Papyrus of the month

“How much is worth my work?” - A so-called ‘Necropolis Journal’

“How much is worth my work?”: A so-called ‘Necropolis Journal’

written by Martina Landrino

A few steps away from the entrance of Room 6, the papyrus Cat.1881+2080+2092/229 is mounted on the left wall. The manuscript had various lifes, traces of which are still visible on its surface. Both recto (front part) and verso (back part) have been repeatedly erased and reused. The result is document similar to a patchwork containing different hieratic texts on the surface of the entire papyrus.

The major part of the recto, written from right to left, is covered by a so-called ‘Necropolis Journal’. The text records various entries delivered within almost one year during the reign of Ramesses IX (1129-1111 BCE), as payment for the workmen of Deir el-Medina. This list of items contains various garments (tunics, shawls, and loincloths), metals (copper, lead, gold, and silver) and especially food (dry and roasted meat, fresh fat, slaughtered geese, assorted fruits, honey, oil, bread, and of course beer).

“Smooth linen: 4 loincloths; smooth linen: 16 shawls; smooth linen: 58 tunics; total: 78. 230 deben of yarn. 100 bundles of fresh vegetable. 71 deben of copper. 60 deben of lead. 20 deben of wax. […] The special rewards, which the Pharaoh gave for the people of the Tomb, rewards: 5000. Entered: 1900; deficit: 3100. Fish: 5000; entered: 1900; deficit: 3100."

(image left: objects from the tomb of Kha)


The other two columns of the recto, written upside down, deal with a judicial case recorded in occasion of a court sitting. Involved in the trial are the deputy of the temple of Ramesses III named Hori, the draughtsman Pentaweret and a priest. Two years before the court sitting the draughtsman gave grain as a loan to the deputy, who paid him off with a female donkey and its filly.

During the trial the attendants of the priest claim that the two animals belonged to their chief. Pentaweret subsequently bought another female donkey and a filly and gives them to the attendants.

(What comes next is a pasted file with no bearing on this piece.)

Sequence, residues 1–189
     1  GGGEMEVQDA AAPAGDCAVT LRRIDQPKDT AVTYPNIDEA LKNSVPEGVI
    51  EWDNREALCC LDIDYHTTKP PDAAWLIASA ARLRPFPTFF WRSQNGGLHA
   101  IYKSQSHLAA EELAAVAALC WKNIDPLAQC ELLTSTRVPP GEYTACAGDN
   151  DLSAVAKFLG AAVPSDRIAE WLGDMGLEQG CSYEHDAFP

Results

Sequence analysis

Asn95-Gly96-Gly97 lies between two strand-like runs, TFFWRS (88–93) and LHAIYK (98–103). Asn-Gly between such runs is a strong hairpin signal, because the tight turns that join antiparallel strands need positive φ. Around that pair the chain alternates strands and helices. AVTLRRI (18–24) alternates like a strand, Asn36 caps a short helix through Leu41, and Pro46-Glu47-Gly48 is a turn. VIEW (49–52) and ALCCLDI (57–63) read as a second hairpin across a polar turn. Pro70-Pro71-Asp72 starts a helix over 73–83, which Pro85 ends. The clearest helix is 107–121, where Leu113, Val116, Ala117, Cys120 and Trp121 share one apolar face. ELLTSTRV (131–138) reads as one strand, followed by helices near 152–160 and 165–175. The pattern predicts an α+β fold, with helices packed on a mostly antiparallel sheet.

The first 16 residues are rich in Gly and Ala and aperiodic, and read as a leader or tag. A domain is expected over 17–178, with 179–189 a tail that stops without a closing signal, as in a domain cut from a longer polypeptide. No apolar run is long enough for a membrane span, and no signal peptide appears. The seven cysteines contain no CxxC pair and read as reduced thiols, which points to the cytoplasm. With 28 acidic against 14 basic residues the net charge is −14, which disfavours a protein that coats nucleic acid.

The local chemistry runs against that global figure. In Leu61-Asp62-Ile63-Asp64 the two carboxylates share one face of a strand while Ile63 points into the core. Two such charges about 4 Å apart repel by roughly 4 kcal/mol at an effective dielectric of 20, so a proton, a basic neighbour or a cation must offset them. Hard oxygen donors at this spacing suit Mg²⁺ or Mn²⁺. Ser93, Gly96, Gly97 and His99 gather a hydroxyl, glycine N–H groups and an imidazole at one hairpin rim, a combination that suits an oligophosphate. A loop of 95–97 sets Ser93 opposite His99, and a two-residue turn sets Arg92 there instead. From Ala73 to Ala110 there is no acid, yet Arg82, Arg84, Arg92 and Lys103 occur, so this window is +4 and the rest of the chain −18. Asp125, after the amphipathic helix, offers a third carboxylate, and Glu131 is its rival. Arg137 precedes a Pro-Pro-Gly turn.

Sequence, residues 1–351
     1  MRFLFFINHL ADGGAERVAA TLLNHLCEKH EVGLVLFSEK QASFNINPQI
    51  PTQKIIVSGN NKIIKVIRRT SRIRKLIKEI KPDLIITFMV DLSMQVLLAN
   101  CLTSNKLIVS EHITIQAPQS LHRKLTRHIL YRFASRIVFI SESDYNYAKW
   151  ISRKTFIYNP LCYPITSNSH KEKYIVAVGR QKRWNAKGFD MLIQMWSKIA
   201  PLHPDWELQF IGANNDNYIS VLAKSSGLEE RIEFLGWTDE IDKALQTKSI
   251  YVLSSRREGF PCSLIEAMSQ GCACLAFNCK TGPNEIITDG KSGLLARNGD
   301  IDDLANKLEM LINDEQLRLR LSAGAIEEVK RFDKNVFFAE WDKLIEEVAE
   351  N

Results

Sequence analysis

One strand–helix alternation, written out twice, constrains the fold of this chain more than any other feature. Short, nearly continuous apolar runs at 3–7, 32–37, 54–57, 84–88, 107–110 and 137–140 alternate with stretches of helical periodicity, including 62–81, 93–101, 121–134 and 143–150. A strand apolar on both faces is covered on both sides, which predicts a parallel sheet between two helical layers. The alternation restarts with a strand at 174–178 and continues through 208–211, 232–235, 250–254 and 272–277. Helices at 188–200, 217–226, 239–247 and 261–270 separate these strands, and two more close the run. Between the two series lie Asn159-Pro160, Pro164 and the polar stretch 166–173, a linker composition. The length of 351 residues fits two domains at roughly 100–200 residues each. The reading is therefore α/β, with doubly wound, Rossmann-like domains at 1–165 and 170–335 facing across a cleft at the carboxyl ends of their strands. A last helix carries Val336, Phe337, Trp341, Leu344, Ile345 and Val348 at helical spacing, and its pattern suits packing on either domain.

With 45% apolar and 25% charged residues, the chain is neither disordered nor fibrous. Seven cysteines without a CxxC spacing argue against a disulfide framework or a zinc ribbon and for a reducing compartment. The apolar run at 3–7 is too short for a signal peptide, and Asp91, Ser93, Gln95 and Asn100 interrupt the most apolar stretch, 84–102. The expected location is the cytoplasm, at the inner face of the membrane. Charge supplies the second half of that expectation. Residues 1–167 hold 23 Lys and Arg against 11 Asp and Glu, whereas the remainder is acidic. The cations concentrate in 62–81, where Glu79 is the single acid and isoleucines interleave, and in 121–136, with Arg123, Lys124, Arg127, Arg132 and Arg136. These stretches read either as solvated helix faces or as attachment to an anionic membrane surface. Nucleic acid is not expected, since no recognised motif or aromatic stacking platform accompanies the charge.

“I bought a female donkey from the scribe of the mat Amenhotep, and I gave it to them. […] I bought a small female filly from the scribe Khaemhedjet, and I gave it to them.”

Preserved on the verso, written from right to left, are four different texts. The second and the third columns contain two letters. The first is related to the delivery of some goods.

“Further, I have caused to be brought to you through the captains of the troops of the ships Pkhore: sweet ointment, tishesep-oil, 300 (measures) of kefatawy-oil, adjemem-oil, ointment of the Beduin country, 12 cloths of horses, 5 coverings of chariot, 100 batons and stuffs.”

The latter reports some instructions concerning the work in a temple. 

“This letter is brought to you to the following effect: apply yourself to making them work in the temple of Ramesses Meriamum. Slack not; be not remise.”

A ritual spell

A ritual spell devoted to Amenophis I is copied in the next column, describing part of the offering ritual performed in the temple for the deified Pharaoh. The rest of the texts on the verso are the continuation of the ‘Necropolis Journal’. The scribe did not have enough space to write his text down, therefore he partially erased the previous texts and used the upper and lower margins as well.

Records from a ‘cemetery’

The so-called 'Journal of the Necropolis'

In 1928 Giuseppe Botti and Thomas Eric Peet published Il Giornale della Necropoli di Tebe (The Journal of the Necropolis of Thebes), an edition of two large papyri stored in the Museo Egizio at Turin. In that occasion the two Egyptologists created the term ‘Necropolis Journal’ to describe the two documents. Since then the term is commonly used in Egyptology.

Why such a name?

The inhabitants of Deir el-Medina are known to be the workmen, craftsmen, and artists responsible for the construction and decoration of the royal and noble tombs in the western Bank of Thebes. The ancient Egyptian called the institution who superintended their work ‘the Tomb’. The scribes of the ‘Tomb’ recorded in daily journals on both ostraca and papyri the important information related with the administration of the work and the life of the workmen. Thus, Botti and Peet found appropriate the name ‘Necropolis Journal’.

The content

The content of the ‘Necropolis Journals’ varies from one exemplar to the other. On the ‘pages’ of these documents different kinds of texts are recorded: duty roster; activity and inactivity of the workmen; deliveries of foods, goods and tools; visits of dignitaries; protocols; and all the events that the scribe thought worth to remember.

(for more photos click here)

Museo Egizio